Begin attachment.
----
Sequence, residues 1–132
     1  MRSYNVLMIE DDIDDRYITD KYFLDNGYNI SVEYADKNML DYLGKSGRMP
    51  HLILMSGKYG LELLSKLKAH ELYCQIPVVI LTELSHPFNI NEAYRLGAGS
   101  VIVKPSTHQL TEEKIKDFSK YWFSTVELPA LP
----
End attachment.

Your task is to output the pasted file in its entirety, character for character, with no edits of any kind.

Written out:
Sequence, residues 1–132
     1  MRSYNVLMIE DDIDDRYITD KYFLDNGYNI SVEYADKNML DYLGKSGRMP
    51  HLILMSGKYG LELLSKLKAH ELYCQIPVVI LTELSHPFNI NEAYRLGAGS
   101  VIVKPSTHQL TEEKIKDFSK YWFSTVELPA LP